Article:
BOSTON — Giancarlo Stanton hasn’t played, due to left Achilles tendinitis, since a pinch-hit appearance in Baltimore on July 23, and as of Friday, there’s no telling when he might be back.
Yankees manager Aaron Boone had suggested Stanton might be with the team this weekend, although he wasn’t sure if he’d be able to play.
Instead, Stanton is in New York, where he went through some baseball activities on Friday.
But he still hasn’t run the bases or faced live pitching and Boone said Friday he may need some rehab games before he’s ready to be return to the Yankees’ lineup.
The injury continues to impact Stanton most during the morning.
“He gets better as he gets going,’’ Boone said before the Yankees’ 3-2, 10-inning loss to the Red Sox at Fenway Park. “He can move around and he’s pleased with the progression.”
Asked if the recovery is going more slowly than anticipated, Boone said: “I don’t know. Maybe because I threw out the Boston [return] … he’s moving in a pretty good direction. Because we identified it, we hope in the grand scheme of things, it’s a fairly minor situation. The progress maybe has been slow, but we feel it’s [been] steady.”
Since Stanton’s last appearance, the Yankees have gone 6-11 and have averaged just over 4.5 runs per game. They averaged more than five runs a game before Stanton got hurt.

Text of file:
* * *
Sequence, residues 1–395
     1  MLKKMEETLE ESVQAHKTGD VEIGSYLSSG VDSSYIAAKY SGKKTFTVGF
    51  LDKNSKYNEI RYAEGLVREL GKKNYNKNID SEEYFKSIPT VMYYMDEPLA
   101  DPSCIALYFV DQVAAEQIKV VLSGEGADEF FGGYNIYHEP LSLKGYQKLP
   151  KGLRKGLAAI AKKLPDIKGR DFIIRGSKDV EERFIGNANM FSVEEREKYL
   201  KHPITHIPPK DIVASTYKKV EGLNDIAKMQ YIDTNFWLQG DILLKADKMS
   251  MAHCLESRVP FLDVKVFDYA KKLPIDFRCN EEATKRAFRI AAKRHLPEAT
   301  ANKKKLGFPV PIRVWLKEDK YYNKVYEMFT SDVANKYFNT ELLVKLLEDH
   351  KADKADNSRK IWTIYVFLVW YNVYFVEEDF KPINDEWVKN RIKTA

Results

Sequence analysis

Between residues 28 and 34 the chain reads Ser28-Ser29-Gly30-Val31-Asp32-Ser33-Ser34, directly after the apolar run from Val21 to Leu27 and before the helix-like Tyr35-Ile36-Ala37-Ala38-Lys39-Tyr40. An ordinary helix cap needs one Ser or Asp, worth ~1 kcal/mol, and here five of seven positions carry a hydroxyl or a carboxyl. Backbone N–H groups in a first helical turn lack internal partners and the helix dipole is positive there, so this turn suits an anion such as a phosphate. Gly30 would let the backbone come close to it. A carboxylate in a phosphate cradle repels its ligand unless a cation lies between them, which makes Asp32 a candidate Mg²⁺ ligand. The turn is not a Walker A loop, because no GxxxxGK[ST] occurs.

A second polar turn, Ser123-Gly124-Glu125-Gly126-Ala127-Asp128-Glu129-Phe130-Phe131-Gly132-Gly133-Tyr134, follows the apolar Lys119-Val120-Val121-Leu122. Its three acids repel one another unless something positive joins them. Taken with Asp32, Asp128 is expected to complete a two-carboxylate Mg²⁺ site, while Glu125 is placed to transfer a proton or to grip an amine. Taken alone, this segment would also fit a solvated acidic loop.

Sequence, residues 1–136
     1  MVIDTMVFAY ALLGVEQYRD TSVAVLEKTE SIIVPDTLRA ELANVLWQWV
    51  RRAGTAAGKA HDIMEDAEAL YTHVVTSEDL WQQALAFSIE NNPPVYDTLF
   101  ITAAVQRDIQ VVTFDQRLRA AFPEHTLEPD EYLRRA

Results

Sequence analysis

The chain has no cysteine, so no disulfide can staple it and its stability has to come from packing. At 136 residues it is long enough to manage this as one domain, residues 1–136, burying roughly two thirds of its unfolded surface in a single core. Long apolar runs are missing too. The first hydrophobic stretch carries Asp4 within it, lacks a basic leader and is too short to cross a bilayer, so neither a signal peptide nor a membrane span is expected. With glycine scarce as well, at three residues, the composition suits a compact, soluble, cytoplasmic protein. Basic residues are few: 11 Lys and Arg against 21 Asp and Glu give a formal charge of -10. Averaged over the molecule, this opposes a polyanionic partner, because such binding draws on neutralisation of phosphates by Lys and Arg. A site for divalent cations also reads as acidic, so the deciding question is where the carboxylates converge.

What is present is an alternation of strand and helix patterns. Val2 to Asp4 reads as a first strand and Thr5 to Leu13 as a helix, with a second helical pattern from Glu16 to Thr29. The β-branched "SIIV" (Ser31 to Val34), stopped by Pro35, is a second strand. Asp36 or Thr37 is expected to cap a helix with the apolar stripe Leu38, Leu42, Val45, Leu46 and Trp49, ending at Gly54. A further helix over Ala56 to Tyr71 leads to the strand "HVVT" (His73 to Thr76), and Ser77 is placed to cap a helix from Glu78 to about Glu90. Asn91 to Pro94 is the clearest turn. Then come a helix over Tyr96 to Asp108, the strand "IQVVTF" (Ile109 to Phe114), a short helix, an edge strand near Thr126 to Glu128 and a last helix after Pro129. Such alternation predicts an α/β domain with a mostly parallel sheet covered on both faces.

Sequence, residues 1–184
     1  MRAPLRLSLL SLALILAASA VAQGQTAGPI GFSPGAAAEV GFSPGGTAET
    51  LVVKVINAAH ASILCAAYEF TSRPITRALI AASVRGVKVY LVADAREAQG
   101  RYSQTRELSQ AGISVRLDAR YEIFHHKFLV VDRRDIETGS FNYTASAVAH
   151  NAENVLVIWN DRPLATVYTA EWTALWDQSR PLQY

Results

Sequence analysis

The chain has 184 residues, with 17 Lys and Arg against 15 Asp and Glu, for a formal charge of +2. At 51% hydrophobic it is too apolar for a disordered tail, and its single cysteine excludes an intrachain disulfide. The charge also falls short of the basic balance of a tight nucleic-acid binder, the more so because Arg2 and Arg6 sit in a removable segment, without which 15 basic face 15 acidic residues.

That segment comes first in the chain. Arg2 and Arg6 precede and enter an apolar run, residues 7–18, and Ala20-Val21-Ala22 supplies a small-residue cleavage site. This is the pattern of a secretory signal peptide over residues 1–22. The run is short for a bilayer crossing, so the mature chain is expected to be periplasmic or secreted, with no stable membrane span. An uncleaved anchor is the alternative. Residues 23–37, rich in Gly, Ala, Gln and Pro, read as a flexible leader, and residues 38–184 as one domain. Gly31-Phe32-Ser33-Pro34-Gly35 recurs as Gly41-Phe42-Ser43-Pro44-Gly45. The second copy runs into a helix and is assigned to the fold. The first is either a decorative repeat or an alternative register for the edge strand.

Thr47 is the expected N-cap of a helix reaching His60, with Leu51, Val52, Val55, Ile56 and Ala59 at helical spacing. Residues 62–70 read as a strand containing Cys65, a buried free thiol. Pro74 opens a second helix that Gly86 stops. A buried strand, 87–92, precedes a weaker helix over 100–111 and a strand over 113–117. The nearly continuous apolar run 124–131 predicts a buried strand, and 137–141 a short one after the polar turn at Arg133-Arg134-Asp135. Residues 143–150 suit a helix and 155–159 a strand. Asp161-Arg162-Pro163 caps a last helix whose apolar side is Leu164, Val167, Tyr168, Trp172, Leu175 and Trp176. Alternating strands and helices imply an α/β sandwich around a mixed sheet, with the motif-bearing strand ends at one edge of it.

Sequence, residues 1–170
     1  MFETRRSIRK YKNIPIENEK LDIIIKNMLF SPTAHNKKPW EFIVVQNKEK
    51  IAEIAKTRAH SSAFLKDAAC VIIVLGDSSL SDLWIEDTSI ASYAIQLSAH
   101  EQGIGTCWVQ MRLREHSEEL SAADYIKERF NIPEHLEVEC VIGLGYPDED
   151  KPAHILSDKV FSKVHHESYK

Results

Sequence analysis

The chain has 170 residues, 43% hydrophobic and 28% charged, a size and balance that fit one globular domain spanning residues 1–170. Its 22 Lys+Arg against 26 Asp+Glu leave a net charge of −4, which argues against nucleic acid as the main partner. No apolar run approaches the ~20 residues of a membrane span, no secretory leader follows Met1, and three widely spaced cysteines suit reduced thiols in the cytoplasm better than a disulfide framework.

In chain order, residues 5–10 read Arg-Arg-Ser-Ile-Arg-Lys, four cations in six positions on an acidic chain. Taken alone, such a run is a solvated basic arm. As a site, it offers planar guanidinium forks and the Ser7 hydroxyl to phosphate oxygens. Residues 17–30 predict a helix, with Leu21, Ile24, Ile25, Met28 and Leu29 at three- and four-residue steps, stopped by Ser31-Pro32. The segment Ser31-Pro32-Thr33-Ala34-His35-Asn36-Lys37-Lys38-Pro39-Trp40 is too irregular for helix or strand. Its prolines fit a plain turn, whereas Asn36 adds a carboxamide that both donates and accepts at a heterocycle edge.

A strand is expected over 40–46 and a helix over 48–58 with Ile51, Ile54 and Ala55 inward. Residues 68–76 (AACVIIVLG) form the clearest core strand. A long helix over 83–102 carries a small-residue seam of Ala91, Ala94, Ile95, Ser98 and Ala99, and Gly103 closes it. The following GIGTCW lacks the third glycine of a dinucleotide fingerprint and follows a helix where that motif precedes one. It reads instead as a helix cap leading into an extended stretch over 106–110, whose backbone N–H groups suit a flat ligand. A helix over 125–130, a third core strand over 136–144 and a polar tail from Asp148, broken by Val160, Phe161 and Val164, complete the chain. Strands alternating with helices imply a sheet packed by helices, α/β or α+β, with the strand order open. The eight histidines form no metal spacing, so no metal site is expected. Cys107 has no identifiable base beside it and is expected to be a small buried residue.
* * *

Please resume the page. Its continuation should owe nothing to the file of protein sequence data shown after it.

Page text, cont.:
“It’s Giancarlo Stanton,’’ Boone said of the impact of being without the slugger. “That’s a big presence, not only with the production he provides, but his presence in the lineup. He’s one more elite hitter to have to go through and plan for and [able to] wear somebody down. Of course we miss him. That said, I feel, overall, the last several games, we’ve been putting up runs. We had a couple of off days [offensively in Seattle] in scoring. We’re talking [Stanton]. We miss him.”
Luis Severino threw while on flat ground Friday in preparation for his first bullpen session, on Monday, since he suffered a strained lat. Severino was somewhat surprisingly placed on the 60-day IL after being removed from his most recent start on July 13.
The Yankees opted to make the roster move to open up a spot on the 40-man roster, since it only backed the right-hander up by another week or so after they shut him down.
He’s expected to be back in time to make about four or five starts before the end of the regular season, which would line him up to be part of the playoff rotation.
Among the reasons the Yankees traded Jordan Montgomery before the deadline was the belief he wouldn’t be used in the postseason, with Gerrit Cole, Frankie Montas, Nestor Cortes and Severino — and perhaps Jameson Taillon — ahead of him in the rotation.
Matt Carpenter saw another foot specialist in New York on Friday and the diagnosis on his fractured left foot hasn’t changed. He is prohibited from weight-bearing activity for the next week or two and he’ll get another X-ray in three or four weeks to see how it’s healing.
The injury is expected to take six to eight weeks to heal, since it doesn’t need surgery.
Carpenter vowed to return before the end of the season and the typical timeline would allow him to come back for the last week or so before the playoffs.
Zack Britton threw another live batting practice and will ease up over the next week before having a better idea of when he can begin a rehab assignment after elbow surgery last year.